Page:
5 possible causes of taste loss

If you've lost your sense of taste, there could be a simple solution to bring your taste buds back to life. Know the five possible causes of taste loss.

5 possible causes of taste loss

Why taste loss is a problem

When people lose the ability to taste, they may become disinclined to eat as much as they should because the food isn't as appealing.

  • This can be a problem especially for the elderly because people naturally lose some sense of taste as they age, and the elderly may not take in enough nutrients to sustain their health.

Here are the main causes of  taste loss:

1. Issues related to the sense of smell

While some taste loss is caused by dental problems, the majority is caused by other health issues that affect the sense of smell.

  • In these cases, a medical practitioner can help diagnose and treat the underlying causes, which may be as simple as a nasal infection or as serious as a head injury.

2. Gum disease

If you suffer from gum disease (gingivitis) or inflammation of the salivary gland, these conditions can be treated and recurrence prevented with proper dental care.

3. Dry mouth

Excessive dryness in the mouth can prevent taste molecules from being detected by the taste buds. Saliva makes it possible to chew and swallow, and it helps to prevent tooth decay and mouth infections.

  • Dry mouth can have a number of medical causes such as certain prescription medications or underlying diseases like diabetes.
  • In these instances, your dental professional might be able to help you develop a plan to help keep your mouth hydrated.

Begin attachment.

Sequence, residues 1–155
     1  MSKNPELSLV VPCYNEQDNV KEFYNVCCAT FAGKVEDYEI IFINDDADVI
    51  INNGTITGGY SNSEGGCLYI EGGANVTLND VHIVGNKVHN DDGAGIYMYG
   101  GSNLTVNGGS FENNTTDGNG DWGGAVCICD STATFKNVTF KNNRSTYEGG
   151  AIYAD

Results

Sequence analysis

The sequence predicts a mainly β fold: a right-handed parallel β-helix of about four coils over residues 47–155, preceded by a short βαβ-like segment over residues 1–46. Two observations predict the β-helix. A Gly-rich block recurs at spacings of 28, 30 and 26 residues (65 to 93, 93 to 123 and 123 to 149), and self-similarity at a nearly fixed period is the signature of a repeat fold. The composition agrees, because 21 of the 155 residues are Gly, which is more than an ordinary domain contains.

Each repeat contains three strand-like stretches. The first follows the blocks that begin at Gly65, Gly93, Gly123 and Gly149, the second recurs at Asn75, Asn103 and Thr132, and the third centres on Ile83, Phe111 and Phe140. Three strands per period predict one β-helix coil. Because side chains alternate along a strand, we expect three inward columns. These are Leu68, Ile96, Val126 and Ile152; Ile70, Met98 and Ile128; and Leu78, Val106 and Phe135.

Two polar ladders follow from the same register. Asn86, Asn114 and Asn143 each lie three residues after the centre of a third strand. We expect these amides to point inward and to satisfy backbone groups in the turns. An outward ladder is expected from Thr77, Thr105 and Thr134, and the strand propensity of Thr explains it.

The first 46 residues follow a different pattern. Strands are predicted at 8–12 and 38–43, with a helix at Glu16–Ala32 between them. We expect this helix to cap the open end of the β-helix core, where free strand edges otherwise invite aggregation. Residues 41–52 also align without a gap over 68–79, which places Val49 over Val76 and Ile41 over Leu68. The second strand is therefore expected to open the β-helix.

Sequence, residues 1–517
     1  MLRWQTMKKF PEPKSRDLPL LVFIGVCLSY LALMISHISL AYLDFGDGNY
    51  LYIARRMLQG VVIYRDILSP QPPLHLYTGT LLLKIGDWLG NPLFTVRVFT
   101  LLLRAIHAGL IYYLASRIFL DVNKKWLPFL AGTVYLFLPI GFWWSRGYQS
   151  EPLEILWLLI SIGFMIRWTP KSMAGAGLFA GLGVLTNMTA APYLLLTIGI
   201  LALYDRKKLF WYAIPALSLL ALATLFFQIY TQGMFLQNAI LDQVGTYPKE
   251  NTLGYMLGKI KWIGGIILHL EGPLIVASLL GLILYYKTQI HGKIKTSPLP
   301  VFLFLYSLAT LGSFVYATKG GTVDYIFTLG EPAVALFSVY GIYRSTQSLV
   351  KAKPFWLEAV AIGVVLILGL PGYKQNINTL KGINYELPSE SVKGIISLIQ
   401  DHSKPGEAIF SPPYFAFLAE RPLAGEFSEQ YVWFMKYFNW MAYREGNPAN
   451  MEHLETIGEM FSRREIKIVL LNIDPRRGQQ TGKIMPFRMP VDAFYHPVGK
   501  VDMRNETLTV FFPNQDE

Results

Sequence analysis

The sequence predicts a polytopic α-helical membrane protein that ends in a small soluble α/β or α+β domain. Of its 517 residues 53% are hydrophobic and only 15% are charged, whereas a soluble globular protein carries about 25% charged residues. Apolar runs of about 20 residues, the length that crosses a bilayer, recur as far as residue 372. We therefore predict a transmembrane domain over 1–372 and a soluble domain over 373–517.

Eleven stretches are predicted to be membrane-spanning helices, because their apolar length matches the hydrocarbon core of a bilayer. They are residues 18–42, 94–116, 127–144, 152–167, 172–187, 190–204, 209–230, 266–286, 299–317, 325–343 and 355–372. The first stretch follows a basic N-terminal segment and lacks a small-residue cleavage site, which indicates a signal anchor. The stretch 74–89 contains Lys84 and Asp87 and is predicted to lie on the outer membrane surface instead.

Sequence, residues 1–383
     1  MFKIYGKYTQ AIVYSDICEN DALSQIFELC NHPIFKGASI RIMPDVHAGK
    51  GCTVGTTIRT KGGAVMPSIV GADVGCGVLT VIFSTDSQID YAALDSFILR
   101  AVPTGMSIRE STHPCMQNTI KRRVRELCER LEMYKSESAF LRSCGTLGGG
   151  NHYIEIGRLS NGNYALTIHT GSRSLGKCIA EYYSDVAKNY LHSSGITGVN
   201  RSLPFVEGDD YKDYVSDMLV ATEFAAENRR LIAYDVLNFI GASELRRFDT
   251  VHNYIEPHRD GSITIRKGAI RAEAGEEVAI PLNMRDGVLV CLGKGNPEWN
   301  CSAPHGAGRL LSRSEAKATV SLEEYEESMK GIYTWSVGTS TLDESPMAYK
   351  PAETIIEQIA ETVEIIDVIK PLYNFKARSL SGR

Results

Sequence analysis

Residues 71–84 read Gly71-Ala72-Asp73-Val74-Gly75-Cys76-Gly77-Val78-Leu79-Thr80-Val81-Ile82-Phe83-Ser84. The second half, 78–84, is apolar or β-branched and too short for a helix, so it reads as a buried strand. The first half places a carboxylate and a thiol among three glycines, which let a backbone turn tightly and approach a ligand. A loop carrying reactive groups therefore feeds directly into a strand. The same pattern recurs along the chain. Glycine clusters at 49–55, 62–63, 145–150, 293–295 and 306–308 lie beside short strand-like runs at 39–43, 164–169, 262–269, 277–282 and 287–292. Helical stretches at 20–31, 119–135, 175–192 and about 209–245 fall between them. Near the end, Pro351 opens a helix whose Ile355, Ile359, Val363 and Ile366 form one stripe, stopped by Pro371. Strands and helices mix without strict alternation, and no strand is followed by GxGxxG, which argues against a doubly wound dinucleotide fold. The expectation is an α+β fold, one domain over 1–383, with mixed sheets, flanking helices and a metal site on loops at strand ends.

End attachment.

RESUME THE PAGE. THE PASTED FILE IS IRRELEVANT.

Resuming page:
4. Oral devices

Ill-fitting oral devices, such as dentures or braces, can lead to inflammation and infection, resulting in taste loss.

  • Sometimes the metal in the device can cause an odd taste in the mouth when it comes in contact with saliva.
  • A dental professional can adjust or change the appliance to ensure a proper fit or prevent the odd taste.
  • This will increase comfort and prevent future dental problems, as well as restore the sense of taste.

 

5. Dental anaesthesia

The nerve fibres for taste run along the same nerve as that for tongue sensation. When receiving anaesthesia for lower-jaw work, this nerve may be contacted by the needle, resulting in taste loss.

  • This effect normally wears off after several weeks.

Certain dental problems, including gum disease, inflammation caused by oral appliances and infections in the mouth, may cause an alteration or loss of taste. If a health practitioner rules out medical reasons for a loss of taste and suggests the cause is dental, a dental professional can help.

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